Seattle got out in front of most other U.S. cities when it encouraged private bike share companies to launch their services in summer 2017. The city’s experiment in dockless bike share has been wildly influential on how other cities have embraced so-called “micromobility” services like bike and scooter share. Seattle’s initial permit framework sort of became the template for crafting a framework elsewhere.
And bike share boomed in use in Seattle, even if the profitability of the endeavor is still rather uncertain. Bike share has helped propel biking to record levels across the city, and perhaps has even inspired people to go out and get their own bikes. As we reported previously, bike counts on the Fremont Bridge have continued climbing sharply even as the number of bike share trips plateaued likely due to a reduction in bike fleet size and increase in price.
But while other cities experimented with electric scooter share services, Mayor Jenny Durkan has resisted following suit. So the city is in an odd position as a leader on private bike share, but a hold-out on scooter share. That may all change soon, though, as the city is currently conducting public outreach ahead of a scooter share pilot program set to launch in spring next year.
The city is hosting a public forum on scooter share 6–8 p.m. today (Wednesday) in the Bertha Knight Landes Room in City Hall. You can also provide feedback via this extremely short online survey.
Below are some of the city’s goals with this program, from an SDOT Blog post:
- establishing rules for scooter share vendors and users
- providing a low-carbon mobility option in our effort to reduce carbon emissions
- encouraging safety, in line with our Vision Zero initiative
- ensuring our sidewalks serve blind and low-vision people and other people living with disabilities
- improving connections to transit for all, including for people with disabilities
- ensuring affordable and equitable service, particularly for communities of color
- supporting an active, healthy, people-first use of Seattle’s streets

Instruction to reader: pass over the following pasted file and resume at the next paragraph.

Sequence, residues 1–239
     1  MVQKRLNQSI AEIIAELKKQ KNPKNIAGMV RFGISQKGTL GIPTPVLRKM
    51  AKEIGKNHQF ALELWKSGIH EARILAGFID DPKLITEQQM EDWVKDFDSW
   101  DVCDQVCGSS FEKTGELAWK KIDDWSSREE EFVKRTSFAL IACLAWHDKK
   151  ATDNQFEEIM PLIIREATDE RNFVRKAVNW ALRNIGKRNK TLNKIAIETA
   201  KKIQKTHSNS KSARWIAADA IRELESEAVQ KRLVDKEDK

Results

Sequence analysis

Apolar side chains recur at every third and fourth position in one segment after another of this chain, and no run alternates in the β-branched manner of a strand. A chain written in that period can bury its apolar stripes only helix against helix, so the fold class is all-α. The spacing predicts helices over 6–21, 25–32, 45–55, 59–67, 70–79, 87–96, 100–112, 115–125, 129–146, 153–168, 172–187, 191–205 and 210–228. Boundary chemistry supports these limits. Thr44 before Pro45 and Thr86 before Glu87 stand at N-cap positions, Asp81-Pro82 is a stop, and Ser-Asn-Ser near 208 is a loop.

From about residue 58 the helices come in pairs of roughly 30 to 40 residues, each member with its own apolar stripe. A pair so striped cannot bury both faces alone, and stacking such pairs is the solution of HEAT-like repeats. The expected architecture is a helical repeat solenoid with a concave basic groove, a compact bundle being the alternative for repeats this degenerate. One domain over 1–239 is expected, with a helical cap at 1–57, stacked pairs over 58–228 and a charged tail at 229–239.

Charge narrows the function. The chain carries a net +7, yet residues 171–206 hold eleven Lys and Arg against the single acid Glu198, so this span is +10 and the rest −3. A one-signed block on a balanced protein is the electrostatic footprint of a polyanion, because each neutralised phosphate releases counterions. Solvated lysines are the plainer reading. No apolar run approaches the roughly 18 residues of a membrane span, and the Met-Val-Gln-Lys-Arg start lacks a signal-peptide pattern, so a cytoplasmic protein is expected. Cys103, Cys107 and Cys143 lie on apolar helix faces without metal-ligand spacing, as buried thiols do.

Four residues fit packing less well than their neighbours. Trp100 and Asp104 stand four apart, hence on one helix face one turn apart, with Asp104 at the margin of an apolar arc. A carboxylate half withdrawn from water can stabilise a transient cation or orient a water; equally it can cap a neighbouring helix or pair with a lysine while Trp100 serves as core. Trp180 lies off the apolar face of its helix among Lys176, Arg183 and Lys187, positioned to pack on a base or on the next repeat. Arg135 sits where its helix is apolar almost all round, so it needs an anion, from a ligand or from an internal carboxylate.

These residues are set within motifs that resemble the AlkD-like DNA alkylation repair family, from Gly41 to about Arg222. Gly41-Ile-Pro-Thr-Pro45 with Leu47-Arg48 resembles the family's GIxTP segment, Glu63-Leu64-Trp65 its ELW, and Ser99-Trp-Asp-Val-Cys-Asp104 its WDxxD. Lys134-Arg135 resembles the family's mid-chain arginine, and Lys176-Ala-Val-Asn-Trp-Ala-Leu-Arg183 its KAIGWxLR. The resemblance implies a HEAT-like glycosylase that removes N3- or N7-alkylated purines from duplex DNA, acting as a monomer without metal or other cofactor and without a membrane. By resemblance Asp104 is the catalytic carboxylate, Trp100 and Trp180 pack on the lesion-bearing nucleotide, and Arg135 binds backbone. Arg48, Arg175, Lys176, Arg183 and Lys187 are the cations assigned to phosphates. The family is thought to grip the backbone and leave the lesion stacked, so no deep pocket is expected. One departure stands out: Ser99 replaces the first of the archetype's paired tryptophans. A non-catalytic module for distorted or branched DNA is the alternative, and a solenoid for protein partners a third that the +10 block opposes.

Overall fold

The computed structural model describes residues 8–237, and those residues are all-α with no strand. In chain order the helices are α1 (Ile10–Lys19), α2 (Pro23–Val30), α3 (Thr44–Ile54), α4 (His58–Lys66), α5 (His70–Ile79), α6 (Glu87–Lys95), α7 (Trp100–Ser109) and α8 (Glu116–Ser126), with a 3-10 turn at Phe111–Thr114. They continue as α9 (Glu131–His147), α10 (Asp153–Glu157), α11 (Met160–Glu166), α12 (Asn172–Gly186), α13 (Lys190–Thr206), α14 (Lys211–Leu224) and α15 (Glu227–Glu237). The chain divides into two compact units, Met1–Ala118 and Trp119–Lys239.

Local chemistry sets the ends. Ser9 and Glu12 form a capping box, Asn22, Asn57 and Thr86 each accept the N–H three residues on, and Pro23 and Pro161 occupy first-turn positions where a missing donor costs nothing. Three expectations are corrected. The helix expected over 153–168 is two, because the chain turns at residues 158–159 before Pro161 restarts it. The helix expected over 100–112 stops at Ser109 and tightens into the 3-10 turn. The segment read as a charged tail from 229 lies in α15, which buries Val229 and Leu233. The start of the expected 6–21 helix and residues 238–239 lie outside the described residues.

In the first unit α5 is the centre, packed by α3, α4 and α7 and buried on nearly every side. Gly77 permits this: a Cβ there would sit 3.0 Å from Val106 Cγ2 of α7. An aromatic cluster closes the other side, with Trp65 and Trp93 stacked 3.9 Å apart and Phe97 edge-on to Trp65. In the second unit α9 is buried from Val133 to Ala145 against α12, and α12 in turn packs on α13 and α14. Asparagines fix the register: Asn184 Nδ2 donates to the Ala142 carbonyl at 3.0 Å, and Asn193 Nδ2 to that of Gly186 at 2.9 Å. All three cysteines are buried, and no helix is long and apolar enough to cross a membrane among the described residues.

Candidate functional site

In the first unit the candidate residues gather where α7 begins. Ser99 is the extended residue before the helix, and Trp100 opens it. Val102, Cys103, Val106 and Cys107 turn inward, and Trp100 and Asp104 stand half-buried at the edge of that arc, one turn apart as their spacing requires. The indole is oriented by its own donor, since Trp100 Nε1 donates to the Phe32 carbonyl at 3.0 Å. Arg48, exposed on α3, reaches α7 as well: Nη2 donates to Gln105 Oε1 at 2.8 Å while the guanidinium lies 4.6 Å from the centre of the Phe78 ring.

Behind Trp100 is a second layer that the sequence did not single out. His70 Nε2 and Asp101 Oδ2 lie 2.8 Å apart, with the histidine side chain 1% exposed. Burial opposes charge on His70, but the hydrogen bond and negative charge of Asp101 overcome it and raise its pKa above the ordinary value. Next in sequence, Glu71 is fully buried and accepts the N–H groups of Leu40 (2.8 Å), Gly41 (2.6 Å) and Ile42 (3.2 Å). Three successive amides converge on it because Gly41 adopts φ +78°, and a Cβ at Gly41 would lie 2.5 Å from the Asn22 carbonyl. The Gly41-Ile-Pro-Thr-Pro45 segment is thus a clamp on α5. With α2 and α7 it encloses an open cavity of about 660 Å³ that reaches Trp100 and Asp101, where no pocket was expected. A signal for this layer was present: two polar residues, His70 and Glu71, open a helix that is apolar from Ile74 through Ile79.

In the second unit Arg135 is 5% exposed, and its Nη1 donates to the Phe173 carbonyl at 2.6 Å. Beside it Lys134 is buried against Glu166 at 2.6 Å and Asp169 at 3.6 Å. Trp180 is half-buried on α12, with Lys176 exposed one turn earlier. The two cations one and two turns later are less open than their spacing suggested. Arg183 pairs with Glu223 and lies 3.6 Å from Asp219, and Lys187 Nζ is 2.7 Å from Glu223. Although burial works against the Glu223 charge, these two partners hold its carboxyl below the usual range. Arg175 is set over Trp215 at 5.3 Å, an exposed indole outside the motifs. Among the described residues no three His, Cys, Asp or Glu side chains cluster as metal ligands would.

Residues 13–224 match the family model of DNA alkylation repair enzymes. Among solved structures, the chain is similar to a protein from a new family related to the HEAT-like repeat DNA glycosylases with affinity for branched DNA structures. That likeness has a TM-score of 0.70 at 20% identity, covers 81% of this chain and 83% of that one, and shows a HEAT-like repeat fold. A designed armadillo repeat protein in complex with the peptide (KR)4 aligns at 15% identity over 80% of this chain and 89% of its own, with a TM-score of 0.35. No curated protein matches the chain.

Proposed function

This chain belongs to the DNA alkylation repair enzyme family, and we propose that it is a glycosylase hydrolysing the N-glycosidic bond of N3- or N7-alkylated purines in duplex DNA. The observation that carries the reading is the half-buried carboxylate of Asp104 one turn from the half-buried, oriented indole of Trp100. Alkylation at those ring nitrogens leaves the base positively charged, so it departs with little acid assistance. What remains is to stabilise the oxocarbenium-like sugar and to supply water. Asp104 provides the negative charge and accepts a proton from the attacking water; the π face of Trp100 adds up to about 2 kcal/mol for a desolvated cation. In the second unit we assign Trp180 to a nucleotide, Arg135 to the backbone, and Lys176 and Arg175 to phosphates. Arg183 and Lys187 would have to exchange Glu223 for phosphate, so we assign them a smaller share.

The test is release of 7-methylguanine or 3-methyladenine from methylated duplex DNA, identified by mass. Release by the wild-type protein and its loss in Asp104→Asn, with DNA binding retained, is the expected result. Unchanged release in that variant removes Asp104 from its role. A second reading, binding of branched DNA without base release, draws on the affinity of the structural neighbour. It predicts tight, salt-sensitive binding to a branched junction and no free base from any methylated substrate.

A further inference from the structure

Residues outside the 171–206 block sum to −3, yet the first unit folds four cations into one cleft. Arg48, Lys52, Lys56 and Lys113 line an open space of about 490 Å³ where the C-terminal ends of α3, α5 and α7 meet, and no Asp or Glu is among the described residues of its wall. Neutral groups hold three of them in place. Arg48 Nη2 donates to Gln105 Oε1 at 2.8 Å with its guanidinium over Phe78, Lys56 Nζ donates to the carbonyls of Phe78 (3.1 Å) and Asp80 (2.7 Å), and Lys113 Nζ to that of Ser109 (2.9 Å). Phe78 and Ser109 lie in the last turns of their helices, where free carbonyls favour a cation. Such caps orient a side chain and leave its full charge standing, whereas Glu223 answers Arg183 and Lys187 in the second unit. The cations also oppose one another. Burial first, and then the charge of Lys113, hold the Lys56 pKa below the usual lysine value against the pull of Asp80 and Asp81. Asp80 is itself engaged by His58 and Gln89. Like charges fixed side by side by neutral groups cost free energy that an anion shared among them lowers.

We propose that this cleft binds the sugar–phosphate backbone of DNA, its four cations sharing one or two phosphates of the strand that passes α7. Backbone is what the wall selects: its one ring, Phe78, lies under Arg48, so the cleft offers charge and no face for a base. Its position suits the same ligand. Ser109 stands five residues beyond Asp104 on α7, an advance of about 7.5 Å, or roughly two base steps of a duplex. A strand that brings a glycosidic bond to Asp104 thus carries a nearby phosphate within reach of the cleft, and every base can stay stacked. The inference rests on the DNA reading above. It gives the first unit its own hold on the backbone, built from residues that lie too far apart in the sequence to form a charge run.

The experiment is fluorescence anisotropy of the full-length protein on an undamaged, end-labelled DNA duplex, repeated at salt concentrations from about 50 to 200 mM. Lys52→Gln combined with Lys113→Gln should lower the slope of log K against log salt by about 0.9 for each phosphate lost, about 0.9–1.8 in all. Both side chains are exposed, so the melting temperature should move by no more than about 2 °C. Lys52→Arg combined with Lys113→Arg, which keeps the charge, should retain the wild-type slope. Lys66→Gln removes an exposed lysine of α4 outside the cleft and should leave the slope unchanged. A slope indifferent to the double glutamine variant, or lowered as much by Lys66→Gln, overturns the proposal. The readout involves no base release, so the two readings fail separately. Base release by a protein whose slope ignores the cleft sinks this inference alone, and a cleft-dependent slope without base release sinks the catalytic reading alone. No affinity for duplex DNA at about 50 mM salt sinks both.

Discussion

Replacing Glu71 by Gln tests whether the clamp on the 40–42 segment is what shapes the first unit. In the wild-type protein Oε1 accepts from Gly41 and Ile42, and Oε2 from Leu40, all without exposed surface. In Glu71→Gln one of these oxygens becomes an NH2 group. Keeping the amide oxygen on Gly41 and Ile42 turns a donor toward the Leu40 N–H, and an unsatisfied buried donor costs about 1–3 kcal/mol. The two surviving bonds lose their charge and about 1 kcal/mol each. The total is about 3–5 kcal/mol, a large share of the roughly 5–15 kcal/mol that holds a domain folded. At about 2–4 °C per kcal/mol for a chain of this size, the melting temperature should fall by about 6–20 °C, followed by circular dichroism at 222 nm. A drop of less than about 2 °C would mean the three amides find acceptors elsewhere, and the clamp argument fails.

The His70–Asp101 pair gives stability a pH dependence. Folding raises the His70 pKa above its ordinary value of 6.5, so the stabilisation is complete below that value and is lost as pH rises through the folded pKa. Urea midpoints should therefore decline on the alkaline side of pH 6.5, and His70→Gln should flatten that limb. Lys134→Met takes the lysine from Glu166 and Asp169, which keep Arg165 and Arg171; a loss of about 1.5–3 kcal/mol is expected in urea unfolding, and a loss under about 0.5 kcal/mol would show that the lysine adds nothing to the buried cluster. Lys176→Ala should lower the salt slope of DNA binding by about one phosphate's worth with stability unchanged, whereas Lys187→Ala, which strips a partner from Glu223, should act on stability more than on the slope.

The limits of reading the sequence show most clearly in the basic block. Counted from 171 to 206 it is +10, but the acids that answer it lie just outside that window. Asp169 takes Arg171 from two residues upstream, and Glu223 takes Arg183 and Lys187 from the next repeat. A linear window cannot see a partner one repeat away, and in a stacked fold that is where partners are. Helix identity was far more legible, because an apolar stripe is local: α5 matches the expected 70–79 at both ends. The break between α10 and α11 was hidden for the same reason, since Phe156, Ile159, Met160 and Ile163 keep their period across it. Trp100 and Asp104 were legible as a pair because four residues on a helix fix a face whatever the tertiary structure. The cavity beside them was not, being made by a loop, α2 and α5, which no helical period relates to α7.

As we have seen with bike share, accessibility is a concern as the city adds more free-floating devices to our sidewalks. Bike parking with expanded space for free-floating bikes and scooters is the obvious best solution, but Seattle has so much work left to do before such parking is readily available enough to prevent walkway-impeding parking jobs. So companies need to find ways to better encourage appropriate parking. I noticed that Lime has started requiring users to take a photo of their parked bike after ending a trip, which is a good idea especially if they follow-up with users to educate them about the rules (and maybe even add fees if necessary).
But there is a lot of potential for scooters to build on recent bike successes in town and dramatically increase people’s ability to get around town without driving. The Micromobility Coalition, an organization founded by Uber and Jump to promote shared bikes and scooters, recently put out a report that tries to illustrate how scooters expand the number of jobs accessible to Seattle residents.
Other cities have found that many people who were never interested in riding a bike are willing to try scooters. I don’t personally get it (I feel much more comfortable on a bike), but it’s clearly true. On a recent trip to Denver, the number of people zipping around downtown on scooters was unbelievable and far beyond bike share use (Denver has docked bike share, dockless bike share and scooter share). I know this will be true for many parts of Seattle, too, though Seattle has some terrain challenges that Denver does not have. I’m very interested to see how scooter users handle steep downtown streets, for example.
We need all the tools we can get to help more people get around without cars, and that includes scooters. That’s also why I would be very sad if companies get rid of bike share when scooters launch, but that has been the trend in other markets. Seattle really stands out as the biggest market for private dockless bike share in the U.S., and I hope that continues in parallel with scooters and whatever comes next.